Recently I learned that Monday was named for the moon. Moon Day in other words. Kind of explains many unusual things that occur on Mondays.
As Outmanned says in her post, “It Might Be Monday If…”
Monday literally means “moon day”. The moon is often associated with transient and mystical powers. It has the ability to change men to wolves, bend the seas to it’s will, and even send pregnant women into labor, and send otherwise well-behaved children completely feral. It waxes and wanes as it crosses the sky, night after night, giving people on Earth the impression that it is capricious and fickle. Some nights it shines down on us so brightly that the stars fade. Other nights it refuses to come out at all, throwing the earth into total darkness. So it’s not surprising that the day named for this mischievous orb would wreak such havoc on mortal beings such as ourselves.
Granted this Monday was nowhere near a full moon, yet strange and mysterious happenings do abound. Is it simply the mythical, dubious powers this first day of the week portend, or is there truly a basis to humanities fear of one solitary day? I have no idea, but seeing as how Monday has no real significance to me, I work every day, 7 days a week, why should it have any effect what so ever on me?
This morning started out normal enough, if there is such a thing. I was to deliver my load in Centrailia , Wa. at 10:00 am. I was parked a mere 13 miles away, had 4.25 hours left on my 70 hour clock. Should not be a problem right. Because I won’t start getting hours back until midnight, I had set my “PTA”, (Projected Time Available) for 02:00 on Tuesday. That basically means I told the company I would be ready for a reload at 02:00 the next day. Ever vigilant in it’s desire to keep me rolling, they gave me a pre-plan for a load that was supposed to pick up in Prosser, Wa. at 15:30. In theory, no real problem… in theory I say! 199 miles to Prosser, and probably about 3.5 hours to do it. That gave me about 45 minutes duty time to make my delivery and get rolling.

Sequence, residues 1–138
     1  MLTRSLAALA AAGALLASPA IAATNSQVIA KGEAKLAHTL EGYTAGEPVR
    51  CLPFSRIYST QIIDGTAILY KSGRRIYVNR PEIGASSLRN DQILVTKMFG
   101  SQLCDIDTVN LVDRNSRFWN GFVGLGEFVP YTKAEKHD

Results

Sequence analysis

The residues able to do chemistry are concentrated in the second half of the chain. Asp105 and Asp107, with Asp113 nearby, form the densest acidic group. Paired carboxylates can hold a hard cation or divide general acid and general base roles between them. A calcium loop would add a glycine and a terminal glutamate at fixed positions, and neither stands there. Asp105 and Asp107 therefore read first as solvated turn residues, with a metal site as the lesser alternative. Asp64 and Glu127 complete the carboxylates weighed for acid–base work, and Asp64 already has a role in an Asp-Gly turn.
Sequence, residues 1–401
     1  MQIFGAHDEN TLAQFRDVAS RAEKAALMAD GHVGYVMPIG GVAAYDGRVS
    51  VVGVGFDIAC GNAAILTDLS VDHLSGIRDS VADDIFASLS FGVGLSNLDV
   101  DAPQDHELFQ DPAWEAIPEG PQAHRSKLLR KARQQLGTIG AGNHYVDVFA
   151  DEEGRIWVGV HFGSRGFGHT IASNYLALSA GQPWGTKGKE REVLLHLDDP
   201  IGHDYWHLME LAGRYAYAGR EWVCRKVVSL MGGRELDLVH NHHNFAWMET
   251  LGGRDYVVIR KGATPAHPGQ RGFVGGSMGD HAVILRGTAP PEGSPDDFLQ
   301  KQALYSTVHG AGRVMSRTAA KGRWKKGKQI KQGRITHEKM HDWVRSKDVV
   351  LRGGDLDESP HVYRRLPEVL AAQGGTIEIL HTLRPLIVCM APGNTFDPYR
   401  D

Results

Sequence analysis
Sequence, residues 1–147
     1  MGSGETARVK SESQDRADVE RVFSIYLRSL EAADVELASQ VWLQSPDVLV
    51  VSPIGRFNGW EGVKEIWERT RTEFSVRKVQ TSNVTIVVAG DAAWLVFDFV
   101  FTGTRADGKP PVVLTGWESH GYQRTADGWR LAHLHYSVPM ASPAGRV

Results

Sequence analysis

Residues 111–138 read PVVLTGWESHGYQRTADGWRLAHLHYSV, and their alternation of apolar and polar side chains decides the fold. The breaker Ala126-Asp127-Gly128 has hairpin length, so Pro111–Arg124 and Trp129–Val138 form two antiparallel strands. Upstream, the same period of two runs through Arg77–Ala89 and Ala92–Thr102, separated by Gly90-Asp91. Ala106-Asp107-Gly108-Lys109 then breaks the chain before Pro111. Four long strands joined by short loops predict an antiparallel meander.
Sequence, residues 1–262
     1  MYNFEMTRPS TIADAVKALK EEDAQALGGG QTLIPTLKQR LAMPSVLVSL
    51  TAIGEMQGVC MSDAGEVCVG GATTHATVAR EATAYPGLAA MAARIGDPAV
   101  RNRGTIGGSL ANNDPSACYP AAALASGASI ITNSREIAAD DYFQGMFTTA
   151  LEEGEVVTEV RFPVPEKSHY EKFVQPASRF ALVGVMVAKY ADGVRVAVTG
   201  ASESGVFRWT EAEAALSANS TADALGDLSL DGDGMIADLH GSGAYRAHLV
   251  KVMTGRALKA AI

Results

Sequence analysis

Anyway, I start out with my 15 minutes on duty pre trip and fuel. Once I start driving, all havoc seems to break loose. What should have taken me only 15 minutes or so to drive, ended up taking me 35. Who would have thought there would be rush hour traffic at 9:00 AM well outside any major metropolis. Then you add in the 15 minutes to check in at the receiver, and that only leaves me 3 hours to run 200 miles. This is completely possible as long as all conditions are absolutely perfect. After being released by the receiver, I start out. The most direct route is US-12 over White Pass. When I took the exit for said highway, there is a large electronic sign stating the pass is closed due to avalanche work. Here we go, delay, delay, delay. Not to mention I now have to go about 80 miles farther to get around it.
Needless to say, I didn’t get to Prosser by 15:30, or at all, even. Here I sit, one hour left on my clock, 180 miles left to go. My Monday has gone to the dogs! Perhaps they’ll be howling at the moon tonight. At least I don’t have all the extra problems to deal with, like kids, or any of the other stuff one might find at Outmanned.